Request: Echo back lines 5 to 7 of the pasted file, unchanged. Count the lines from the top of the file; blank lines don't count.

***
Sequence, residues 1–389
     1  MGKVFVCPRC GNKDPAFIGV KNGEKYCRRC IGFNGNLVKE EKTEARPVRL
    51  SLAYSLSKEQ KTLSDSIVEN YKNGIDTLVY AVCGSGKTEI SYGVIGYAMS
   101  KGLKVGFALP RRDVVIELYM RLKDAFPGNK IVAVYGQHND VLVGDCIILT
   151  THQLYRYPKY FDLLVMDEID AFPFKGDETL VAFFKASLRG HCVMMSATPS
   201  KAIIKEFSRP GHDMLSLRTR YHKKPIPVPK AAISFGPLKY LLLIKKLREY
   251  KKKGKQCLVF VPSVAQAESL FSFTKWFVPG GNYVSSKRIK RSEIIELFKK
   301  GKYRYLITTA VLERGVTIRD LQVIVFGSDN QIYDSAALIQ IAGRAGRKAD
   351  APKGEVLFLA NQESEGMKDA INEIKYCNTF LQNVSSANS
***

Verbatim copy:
   151  THQLYRYPKY FDLLVMDEID AFPFKGDETL VAFFKASLRG HCVMMSATPS
   201  KAIIKEFSRP GHDMLSLRTR YHKKPIPVPK AAISFGPLKY LLLIKKLREY
   251  KKKGKQCLVF VPSVAQAESL FSFTKWFVPG GNYVSSKRIK RSEIIELFKK